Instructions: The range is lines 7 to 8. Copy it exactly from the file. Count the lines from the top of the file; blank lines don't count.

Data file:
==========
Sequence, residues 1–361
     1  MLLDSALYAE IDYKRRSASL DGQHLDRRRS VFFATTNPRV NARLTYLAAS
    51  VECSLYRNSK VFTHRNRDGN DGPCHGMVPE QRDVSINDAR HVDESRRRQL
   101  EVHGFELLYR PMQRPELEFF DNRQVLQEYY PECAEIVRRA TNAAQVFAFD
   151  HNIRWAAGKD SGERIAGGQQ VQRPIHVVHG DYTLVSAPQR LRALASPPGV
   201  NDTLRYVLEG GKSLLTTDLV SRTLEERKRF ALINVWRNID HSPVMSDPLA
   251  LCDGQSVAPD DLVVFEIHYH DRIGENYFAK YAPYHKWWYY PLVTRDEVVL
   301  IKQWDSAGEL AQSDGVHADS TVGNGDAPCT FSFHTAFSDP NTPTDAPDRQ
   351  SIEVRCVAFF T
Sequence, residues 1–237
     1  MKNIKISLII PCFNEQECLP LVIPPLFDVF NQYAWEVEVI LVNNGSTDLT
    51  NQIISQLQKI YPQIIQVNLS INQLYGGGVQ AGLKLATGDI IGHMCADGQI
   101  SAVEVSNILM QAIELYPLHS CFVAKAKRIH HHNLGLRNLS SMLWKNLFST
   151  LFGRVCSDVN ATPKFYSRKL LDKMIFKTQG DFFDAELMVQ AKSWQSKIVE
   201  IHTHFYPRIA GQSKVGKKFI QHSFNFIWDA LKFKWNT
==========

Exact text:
   251  LCDGQSVAPD DLVVFEIHYH DRIGENYFAK YAPYHKWWYY PLVTRDEVVL
   301  IKQWDSAGEL AQSDGVHADS TVGNGDAPCT FSFHTAFSDP NTPTDAPDRQ